Kagan, Gorsuch Clash Over the Auer Deference to the Administrative state

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The narrow majority in Kisor Vs Wilkie has saved the Auer deference from destruction by the Supreme Court. For the longest time, the administrative law has been intensely debated without any notable conclusion in sight. Critics of the administrative state especially those on the political right despised Auer and wanted it to die.

The crucial political right vote from chief justice John Roberts gave the fifth vote needed to affirm the Auer deference. The Auer deference provides that judges should defer to federal agencies when interpreting those agencies’ regulations in case of ambiguity.

The Auer deference states that “courts must respect agencies’ interpretations of their own regulations, so long as those interpretations are “reasonable.” The constitution also provides a structure for administration of laws.

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The constitutional objections to Auer

There are two major objections that have been raised by critics of the Auer deference. First, critics state that the Auer deference violates the courts due process because it denies one of the litigants a fair hearing. Also, critics state that by deferring to the agency’s interpretation, the judge fails to provide independent judgment.

Critics of the Auer deference also argue that if agencies were left to interpret ambiguities for the court, they would have too much power and control over certain rulings. The critics state that it doesn’t matter whether it is under a republican or democratic president, the agencies can give unreasonable interpretations to direct rulings in some way.

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Justice Gorsuch in his judgment to destroy the Auer deference noted that, “when we defer to an agency interpretation that differs from what we believe to be the best interpretation of the law, we compromise our judicial independence and deny the people who come before us the impartial judgment that constitution guarantees them.”

In response to the critics, Justice Elena Kagan notes that the Auer Deference is there only when “a regulation is genuinely ambiguous.” This means that there is no need for deference without ambiguity. She also indicated that by deferring to the agencies, a judge doesn’t go against chapter 706 of the administrative procedure act. In fact she notes that one would be fulfilling their duty to “determine the meaning” of a rule.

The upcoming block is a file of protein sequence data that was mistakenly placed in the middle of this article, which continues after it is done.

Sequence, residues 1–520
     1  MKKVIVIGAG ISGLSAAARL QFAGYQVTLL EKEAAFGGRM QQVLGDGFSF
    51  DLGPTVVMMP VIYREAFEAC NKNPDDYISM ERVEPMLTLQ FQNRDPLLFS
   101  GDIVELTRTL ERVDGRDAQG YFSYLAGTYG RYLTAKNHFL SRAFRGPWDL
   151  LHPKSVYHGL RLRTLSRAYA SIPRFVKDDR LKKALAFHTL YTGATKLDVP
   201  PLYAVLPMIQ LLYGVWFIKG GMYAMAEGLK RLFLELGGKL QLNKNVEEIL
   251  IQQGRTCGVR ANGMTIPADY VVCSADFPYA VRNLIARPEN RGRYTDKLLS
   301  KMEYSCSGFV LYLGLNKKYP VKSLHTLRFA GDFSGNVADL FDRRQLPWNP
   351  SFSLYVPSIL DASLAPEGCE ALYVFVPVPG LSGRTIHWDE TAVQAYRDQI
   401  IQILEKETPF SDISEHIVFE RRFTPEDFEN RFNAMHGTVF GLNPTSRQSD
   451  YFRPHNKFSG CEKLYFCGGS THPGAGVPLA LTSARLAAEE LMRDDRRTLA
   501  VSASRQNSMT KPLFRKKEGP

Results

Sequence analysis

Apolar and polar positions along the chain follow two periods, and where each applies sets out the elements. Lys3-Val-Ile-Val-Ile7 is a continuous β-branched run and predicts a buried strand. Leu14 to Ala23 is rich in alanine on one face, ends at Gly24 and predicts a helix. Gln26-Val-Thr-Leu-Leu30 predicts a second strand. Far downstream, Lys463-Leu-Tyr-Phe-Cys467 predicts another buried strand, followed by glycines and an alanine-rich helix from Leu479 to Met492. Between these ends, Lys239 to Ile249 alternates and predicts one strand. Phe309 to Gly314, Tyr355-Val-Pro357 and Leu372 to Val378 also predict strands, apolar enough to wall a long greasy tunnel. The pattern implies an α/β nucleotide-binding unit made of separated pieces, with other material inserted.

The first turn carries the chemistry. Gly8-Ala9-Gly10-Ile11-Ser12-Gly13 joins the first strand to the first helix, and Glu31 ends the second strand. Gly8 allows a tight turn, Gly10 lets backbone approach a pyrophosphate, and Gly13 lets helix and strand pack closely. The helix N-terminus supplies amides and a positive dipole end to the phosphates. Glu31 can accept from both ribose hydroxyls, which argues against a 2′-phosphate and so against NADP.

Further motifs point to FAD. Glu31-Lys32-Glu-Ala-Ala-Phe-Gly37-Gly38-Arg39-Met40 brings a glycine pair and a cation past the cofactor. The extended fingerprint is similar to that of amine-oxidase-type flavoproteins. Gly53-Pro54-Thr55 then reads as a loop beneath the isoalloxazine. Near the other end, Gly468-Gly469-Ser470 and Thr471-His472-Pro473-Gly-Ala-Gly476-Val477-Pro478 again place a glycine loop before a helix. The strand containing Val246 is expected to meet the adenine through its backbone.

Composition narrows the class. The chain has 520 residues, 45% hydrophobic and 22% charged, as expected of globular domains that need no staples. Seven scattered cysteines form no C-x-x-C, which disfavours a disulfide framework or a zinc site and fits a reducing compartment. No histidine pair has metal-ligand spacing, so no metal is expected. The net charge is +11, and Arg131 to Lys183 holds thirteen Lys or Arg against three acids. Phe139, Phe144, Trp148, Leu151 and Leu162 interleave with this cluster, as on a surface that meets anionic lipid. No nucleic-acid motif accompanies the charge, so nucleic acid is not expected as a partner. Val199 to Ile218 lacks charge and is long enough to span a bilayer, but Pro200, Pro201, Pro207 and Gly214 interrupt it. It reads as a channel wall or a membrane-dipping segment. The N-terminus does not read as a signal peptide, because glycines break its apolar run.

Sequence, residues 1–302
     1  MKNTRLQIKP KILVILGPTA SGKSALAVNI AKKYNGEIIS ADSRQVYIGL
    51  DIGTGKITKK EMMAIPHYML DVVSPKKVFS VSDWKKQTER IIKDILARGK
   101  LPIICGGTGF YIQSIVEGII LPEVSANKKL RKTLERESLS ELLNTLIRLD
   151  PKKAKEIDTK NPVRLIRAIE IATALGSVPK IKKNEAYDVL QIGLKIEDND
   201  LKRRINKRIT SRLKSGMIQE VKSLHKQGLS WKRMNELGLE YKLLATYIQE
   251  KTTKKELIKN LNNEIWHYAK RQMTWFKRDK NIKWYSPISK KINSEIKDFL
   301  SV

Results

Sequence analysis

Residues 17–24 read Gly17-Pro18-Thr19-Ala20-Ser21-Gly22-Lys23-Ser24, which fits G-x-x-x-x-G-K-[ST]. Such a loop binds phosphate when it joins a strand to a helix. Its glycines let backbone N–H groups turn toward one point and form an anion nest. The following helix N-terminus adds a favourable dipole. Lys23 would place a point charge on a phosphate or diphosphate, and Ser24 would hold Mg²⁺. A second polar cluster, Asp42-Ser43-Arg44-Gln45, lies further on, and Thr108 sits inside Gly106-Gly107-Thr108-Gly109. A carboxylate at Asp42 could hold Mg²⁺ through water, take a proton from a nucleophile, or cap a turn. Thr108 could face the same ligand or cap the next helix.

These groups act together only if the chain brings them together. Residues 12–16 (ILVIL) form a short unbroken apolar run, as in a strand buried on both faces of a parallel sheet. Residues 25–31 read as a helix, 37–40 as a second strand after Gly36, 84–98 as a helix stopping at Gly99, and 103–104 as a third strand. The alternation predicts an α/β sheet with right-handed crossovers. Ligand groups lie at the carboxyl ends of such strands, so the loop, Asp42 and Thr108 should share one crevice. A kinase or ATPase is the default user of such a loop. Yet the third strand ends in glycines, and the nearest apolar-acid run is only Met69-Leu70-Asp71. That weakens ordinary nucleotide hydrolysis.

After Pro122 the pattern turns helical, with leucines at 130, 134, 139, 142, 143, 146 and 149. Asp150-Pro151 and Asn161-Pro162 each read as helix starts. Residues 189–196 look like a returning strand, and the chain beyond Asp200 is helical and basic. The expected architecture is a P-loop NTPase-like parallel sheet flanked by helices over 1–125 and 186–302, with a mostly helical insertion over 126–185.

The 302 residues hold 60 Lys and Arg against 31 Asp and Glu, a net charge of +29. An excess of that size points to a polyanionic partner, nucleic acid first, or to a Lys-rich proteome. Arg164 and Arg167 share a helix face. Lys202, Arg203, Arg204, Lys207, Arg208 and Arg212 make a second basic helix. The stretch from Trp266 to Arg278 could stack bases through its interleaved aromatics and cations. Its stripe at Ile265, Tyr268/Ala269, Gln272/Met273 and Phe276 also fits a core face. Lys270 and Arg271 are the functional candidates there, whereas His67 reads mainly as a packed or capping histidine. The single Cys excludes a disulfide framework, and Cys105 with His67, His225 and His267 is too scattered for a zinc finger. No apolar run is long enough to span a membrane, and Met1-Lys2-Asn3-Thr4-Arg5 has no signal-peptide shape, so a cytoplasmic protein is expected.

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In her ruling, Kagan pointed out that the deference doctrine pointed out would be “potent but cabined in its scope.” However, Gorsuch disagreed with this saying that under Auer a court would have to go along with an interpretation of an agency that is “not the best or fairest.”

Chief Justice Roberts in his agreement with Kagan’s argument said that “it would be unreasonable for a court not to be persuaded be an agency’s interpretation of its own regulation.” However, he further noted that if a judge commits to favoring the interpretation even when the court thinks the other litigant has a better reading then that would show bias.

The chief justice’s vote may have put a rest on one of the hotly debated issues in the judicial circles for now. But, a huge constitutional rift still separates justice Kagan and Justice Gorsuch because of their differing approaches to deference. Do you think cases that put deference to the test will be fair or biased?

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